> Posted by Elisabeth Rhyne
At next week’s Microfinance USA conference, I have the honor of leading a session on one of the hottest topics in microfinance these days: impact. Interest in impact has surged recently because of the big press coverage garnered by the researchers associated with MIT’s Poverty Action Lab and their new randomized controlled trials. At the session we’ll talk about how these new studies work (in layman’s terms – I’m no econometrician) and what their results are showing about microfinance.
To start off, I’d like us to consider all the ways we can learn about the impact of microfinance. Like these:
- The seeing-is-believing method – otherwise known as talking to clients or anecdotal evidence.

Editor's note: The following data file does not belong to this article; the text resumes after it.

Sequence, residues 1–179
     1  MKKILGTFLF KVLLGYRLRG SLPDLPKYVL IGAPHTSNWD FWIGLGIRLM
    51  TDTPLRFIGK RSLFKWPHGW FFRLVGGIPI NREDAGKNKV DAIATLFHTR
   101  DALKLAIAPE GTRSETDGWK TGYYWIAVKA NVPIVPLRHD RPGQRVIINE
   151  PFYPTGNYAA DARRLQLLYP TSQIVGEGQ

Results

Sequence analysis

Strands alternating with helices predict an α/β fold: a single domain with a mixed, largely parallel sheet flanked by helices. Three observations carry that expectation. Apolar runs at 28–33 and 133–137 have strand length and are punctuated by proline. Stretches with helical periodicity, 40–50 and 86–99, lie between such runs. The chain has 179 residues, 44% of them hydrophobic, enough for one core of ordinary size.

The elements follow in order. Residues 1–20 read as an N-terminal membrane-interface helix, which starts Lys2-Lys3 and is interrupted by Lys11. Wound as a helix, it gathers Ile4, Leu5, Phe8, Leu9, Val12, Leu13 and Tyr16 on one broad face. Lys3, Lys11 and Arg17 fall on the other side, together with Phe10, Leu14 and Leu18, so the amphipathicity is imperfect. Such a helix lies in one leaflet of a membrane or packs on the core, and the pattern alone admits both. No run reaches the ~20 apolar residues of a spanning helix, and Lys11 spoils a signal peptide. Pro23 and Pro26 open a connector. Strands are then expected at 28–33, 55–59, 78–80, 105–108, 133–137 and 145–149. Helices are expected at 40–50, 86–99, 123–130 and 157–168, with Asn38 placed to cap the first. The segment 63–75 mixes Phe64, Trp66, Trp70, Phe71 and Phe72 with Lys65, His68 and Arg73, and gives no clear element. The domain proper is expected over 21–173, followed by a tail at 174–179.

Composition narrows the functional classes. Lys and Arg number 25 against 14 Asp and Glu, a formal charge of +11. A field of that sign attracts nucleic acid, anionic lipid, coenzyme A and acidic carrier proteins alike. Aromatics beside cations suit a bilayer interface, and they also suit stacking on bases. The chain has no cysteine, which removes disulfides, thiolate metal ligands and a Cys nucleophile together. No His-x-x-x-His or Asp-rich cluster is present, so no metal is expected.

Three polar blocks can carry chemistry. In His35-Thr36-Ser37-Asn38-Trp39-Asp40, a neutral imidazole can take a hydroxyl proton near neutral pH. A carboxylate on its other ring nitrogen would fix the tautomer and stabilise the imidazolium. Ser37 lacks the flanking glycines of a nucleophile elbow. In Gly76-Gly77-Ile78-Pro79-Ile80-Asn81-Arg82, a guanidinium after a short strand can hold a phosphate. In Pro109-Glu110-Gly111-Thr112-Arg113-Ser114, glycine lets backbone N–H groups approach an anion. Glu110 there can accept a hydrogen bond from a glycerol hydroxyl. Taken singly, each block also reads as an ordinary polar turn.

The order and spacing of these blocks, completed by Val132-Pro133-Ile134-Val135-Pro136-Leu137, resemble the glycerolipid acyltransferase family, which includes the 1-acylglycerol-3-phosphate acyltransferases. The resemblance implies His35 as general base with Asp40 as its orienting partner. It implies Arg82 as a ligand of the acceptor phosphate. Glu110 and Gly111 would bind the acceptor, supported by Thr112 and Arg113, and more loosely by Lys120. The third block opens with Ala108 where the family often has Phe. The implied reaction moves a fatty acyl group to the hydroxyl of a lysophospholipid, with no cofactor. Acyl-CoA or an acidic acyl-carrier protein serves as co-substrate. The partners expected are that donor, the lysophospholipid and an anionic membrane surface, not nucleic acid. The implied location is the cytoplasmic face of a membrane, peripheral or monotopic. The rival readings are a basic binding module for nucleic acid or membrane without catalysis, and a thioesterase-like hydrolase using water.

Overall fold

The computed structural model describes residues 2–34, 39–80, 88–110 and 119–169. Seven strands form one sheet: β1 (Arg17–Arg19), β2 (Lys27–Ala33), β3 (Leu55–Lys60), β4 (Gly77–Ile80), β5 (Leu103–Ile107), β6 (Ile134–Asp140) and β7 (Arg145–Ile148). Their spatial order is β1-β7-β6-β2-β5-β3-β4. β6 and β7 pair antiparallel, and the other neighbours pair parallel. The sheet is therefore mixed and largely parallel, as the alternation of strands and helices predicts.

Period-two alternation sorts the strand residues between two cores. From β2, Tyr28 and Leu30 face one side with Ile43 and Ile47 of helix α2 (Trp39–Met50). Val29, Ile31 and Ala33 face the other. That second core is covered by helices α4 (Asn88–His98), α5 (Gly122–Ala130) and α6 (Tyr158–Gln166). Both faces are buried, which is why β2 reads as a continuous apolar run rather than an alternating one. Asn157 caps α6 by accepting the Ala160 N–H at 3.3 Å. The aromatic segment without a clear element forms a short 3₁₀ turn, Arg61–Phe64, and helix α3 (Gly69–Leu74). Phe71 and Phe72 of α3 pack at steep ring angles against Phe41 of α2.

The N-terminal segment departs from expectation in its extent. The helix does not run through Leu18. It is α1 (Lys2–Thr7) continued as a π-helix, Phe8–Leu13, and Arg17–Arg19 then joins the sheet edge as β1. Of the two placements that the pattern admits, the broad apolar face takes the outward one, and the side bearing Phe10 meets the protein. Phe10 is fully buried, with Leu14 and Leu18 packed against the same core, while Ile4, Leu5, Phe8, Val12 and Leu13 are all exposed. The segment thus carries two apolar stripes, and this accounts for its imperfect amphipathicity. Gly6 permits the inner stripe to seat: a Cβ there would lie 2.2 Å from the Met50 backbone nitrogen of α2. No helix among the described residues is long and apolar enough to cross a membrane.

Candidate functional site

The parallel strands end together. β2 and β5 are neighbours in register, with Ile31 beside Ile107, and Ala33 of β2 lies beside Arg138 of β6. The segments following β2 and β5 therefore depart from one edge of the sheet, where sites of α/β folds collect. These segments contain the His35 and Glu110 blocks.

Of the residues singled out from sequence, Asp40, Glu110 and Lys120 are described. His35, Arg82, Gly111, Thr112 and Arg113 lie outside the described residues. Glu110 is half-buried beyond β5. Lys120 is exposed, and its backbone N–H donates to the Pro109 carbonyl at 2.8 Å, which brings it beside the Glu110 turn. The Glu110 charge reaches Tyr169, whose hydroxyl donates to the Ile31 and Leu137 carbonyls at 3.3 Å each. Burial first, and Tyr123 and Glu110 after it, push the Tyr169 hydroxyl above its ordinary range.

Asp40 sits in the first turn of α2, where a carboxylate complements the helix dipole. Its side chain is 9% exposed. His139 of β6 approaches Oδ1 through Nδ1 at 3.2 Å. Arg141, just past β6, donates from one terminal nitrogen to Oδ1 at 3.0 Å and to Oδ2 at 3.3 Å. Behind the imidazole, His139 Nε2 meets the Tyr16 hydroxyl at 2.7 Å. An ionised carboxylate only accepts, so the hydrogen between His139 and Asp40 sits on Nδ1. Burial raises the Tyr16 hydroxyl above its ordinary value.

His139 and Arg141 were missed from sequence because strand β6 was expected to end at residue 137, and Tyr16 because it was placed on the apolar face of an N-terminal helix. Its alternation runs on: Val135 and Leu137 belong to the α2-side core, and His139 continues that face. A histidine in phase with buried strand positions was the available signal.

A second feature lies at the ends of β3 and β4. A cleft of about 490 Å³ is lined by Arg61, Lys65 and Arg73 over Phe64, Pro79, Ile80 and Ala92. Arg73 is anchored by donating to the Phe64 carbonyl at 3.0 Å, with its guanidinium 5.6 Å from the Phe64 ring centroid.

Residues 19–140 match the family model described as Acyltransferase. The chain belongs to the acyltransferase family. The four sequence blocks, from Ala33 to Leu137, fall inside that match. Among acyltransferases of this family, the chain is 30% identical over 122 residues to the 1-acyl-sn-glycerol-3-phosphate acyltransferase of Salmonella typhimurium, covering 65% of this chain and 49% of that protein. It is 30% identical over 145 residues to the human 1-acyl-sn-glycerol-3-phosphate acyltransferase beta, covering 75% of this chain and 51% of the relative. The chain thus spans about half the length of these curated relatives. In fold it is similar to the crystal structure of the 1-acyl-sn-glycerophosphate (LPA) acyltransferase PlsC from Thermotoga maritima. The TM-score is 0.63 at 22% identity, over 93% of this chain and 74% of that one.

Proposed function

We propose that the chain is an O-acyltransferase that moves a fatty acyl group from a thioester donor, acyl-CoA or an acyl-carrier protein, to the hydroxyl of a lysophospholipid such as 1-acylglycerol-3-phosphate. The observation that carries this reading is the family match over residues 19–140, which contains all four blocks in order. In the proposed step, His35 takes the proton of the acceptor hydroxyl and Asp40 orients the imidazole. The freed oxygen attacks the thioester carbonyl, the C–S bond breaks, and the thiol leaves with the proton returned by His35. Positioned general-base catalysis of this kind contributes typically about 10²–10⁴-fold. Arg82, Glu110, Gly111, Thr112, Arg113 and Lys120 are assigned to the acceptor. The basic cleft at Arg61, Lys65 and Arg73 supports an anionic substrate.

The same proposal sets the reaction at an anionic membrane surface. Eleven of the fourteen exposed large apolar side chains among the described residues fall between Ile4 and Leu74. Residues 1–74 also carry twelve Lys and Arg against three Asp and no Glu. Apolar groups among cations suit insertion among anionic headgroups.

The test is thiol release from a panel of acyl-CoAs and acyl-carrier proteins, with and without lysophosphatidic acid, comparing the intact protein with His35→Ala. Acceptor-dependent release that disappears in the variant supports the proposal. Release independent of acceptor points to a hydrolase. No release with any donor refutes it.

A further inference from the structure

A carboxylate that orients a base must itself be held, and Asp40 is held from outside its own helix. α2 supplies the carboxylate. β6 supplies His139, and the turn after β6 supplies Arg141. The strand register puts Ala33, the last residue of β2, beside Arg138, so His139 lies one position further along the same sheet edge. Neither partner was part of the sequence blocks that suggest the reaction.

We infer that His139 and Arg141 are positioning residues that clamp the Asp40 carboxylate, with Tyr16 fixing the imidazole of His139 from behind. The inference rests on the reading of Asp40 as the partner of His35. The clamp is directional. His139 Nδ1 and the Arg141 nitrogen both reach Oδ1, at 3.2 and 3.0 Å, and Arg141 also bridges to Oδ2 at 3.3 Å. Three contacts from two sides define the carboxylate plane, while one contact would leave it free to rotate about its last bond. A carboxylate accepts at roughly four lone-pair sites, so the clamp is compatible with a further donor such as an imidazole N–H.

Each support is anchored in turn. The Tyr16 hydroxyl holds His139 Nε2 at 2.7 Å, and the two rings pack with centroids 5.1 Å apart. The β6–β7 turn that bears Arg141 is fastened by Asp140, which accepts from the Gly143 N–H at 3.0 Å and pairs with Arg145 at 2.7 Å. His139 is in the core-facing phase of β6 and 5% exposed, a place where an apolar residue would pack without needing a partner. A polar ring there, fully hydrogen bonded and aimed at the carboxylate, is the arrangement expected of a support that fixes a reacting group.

- The market method – if customers pay for the services, they must value them.
- The institutional method – sustainable institutions that serve the poor are prima facie contributions to more inclusive societies.
- The anthropological approach – talking intensively to clients in a structured way that allows inferences to be drawn. Recently the Financial Diaries approach has done this.
- The simple quantitative-survey approach – used for years despite suffering from many design flaws.
- And finally, the experimental-design approach, a statistically rigorous model patterned after medical drug trials, which is capturing today’s headlines.
I think we learn from all of these methods. It’s like we are painting a picture using different kinds of paint and brushes. Gradually, our picture takes on shape, color and texture, and ultimately all these elements come together to convey meaning.
At our session, I want to move beyond the often divisive arguments about which research method is better than others and look instead at the emerging painting, which is complex. The title of the session is Microfinance: Miracle or Myth. Of course you can guess that my answer is, something else.